Why a bunch of kids playing out of tune with each other makes it impossible for anyone to hear intonation

Imagine the situation. You are a kid, in a group of kids who are all playing the same instrument, recorder for example.

Given this situation, is it possible to hear when you are playing in tune?

Have a play with the following tool. Can you find a pitch that makes what you are hearing sound good?

Now try to do the same thing again using the following tool. Again, can you make the result sound good?

What you will find is that the second tool it is easy to hear when the note you are controlling is in tune. The first tool by comparison sounds bad regardless of what you do.

So what is going on?

Why is it easy to hear correct intonation with the second tool, but not the first?

Why the second tool is easy to hear

The second tool plays two notes of a single frequency. We can visualise this as a graph as follows.

It is easy to hear when both are in tune as both the fixed pitch the tool is playing, and the one controlled by the slider are a single frequency, with a nice clean spike like above.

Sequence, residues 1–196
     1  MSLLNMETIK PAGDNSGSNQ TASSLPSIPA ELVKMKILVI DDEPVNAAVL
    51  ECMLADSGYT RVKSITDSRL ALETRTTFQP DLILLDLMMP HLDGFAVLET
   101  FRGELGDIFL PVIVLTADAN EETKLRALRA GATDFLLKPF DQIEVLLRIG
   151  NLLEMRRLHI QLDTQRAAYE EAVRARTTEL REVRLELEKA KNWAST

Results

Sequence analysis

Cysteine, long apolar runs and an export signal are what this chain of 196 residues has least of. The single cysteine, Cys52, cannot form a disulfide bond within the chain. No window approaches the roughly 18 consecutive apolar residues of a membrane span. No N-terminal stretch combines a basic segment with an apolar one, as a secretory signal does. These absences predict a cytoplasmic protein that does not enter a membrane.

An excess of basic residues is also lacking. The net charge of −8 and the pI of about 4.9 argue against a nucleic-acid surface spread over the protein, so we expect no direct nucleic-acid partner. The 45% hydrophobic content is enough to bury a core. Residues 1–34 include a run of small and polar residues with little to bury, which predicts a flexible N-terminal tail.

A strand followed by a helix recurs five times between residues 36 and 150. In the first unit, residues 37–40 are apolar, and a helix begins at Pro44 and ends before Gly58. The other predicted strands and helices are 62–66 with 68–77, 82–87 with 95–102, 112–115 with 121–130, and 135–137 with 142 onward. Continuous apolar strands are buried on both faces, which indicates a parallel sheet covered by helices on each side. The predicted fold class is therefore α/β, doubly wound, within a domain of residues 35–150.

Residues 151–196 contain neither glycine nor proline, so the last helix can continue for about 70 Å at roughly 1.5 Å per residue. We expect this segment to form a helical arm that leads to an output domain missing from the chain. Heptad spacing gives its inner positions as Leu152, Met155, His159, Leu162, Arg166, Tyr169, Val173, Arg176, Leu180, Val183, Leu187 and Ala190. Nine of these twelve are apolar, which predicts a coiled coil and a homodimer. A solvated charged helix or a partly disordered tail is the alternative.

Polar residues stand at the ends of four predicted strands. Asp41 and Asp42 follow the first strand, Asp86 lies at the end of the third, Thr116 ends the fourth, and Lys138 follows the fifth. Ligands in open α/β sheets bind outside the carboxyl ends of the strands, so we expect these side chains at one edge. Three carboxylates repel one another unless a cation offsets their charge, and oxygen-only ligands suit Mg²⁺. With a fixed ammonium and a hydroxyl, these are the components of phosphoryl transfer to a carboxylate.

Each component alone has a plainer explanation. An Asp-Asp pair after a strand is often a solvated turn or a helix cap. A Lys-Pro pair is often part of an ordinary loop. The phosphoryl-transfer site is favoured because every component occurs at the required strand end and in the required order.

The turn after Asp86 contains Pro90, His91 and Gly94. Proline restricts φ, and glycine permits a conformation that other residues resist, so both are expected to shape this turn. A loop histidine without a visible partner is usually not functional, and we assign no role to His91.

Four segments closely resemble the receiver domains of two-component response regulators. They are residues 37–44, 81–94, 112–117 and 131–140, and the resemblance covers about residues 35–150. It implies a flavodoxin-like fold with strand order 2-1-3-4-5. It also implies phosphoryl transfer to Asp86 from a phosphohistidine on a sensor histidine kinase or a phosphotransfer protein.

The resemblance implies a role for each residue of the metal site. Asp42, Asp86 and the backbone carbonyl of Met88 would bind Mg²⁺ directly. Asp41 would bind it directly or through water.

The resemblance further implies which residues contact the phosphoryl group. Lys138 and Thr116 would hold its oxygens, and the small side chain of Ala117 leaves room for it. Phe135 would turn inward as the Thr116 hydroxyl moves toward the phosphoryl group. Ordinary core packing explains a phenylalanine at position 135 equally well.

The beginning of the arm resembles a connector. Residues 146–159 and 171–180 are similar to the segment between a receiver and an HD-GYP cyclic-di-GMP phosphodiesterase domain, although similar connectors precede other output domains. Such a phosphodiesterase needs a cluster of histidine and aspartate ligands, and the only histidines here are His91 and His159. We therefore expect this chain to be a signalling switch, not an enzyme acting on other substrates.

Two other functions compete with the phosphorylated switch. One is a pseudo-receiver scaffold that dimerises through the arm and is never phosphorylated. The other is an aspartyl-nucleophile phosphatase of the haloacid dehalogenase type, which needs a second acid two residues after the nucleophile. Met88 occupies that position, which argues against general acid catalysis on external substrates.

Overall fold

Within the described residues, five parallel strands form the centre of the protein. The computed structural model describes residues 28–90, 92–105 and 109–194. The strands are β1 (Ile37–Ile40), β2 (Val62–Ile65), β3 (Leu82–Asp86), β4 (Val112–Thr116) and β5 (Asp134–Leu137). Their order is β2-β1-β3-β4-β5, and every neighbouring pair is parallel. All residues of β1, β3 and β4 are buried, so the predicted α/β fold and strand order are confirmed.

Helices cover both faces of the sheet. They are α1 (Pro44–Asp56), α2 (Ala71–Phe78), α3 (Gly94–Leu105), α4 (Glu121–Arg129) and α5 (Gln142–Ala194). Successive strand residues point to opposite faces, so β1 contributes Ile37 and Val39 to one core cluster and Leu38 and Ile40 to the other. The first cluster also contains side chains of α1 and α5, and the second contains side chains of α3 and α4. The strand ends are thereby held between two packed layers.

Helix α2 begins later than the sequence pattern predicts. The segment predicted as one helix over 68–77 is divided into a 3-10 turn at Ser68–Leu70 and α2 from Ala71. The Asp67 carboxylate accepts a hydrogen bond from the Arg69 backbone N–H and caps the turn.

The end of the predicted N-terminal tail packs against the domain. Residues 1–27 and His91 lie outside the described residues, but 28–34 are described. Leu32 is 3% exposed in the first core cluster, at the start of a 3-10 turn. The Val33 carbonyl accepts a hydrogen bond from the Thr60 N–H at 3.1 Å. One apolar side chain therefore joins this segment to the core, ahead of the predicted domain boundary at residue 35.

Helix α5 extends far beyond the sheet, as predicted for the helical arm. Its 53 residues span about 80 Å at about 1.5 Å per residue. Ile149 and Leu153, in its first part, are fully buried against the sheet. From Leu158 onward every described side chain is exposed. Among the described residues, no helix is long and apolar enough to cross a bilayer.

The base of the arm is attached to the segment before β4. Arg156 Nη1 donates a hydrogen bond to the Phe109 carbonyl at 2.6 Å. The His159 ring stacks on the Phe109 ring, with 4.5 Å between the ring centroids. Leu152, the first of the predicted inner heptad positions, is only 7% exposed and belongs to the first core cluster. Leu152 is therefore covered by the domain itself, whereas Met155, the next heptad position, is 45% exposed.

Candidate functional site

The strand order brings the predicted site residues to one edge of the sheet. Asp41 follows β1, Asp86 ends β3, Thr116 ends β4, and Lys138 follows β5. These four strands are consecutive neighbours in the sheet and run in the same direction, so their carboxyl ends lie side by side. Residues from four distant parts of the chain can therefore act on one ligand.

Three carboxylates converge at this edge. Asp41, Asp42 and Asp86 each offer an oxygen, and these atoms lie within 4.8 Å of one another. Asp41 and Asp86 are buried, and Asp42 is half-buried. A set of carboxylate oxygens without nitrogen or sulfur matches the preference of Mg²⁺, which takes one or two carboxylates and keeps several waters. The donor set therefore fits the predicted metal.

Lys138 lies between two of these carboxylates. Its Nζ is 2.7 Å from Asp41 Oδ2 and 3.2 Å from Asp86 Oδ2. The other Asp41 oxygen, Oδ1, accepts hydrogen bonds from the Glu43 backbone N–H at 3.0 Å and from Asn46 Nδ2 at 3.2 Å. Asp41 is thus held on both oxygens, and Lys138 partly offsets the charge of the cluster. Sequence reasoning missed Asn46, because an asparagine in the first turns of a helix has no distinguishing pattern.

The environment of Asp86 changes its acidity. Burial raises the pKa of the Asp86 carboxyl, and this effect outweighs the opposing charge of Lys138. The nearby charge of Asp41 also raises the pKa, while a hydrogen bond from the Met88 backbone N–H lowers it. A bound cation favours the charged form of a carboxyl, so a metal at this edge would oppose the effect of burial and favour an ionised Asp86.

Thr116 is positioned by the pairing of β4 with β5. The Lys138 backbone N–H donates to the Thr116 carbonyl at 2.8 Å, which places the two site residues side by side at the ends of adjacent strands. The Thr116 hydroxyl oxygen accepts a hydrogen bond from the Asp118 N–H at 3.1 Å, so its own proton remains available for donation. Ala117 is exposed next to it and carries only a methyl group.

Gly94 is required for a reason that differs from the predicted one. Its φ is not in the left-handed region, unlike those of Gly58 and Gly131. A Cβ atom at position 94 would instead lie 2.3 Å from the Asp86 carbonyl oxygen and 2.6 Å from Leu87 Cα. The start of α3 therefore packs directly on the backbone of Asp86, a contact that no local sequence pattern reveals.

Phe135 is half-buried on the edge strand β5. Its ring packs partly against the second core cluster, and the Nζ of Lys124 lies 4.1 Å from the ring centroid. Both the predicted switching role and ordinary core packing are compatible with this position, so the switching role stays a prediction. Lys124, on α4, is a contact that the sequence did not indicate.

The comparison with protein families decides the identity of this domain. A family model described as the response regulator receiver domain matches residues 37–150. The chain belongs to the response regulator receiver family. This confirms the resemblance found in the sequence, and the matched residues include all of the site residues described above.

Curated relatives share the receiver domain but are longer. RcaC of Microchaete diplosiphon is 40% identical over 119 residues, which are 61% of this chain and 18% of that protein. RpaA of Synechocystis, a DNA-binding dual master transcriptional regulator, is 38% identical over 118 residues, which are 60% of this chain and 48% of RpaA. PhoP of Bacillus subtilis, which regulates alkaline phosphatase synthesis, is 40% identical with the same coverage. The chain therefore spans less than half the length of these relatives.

When they are in tune, the two spikes like up flawlessly, producing a nice clean sound.

Why the first tool always sounds awful

The first tool by comparison simulates a classroom of children playing the same instrument slightly out of tune from each other.

If you graph those pitches you'd have something like the following. A wide spike with a flat top:

When a single player is varying their own tuning, what they are hearing is the sharp spike of their own instrument, combined with the wide 'hill' all of the other players are creating.

In simple terms, when you have a large number of children playing the same instrument, yet slightly out of tune, it is impossible to hear intonation as there is no centre of pitch!

How to solve this problem?

There are two very easy ways to avoid this issue:

  1. Teach the children to match pitch with a reference one at a time.
  2. If the children are playing together, you must provide a pitch reference from an instrument with a different timbre.

Teaching one at a time allows the children to learn to hear intonation in the easiest possible situation.

An instrument with a different timbre allows intonation to be herd even when there are a lot of detuned notes, as such an instrument has different overtones. People can use these to base intonation, even if the fundamental frequency is unclear.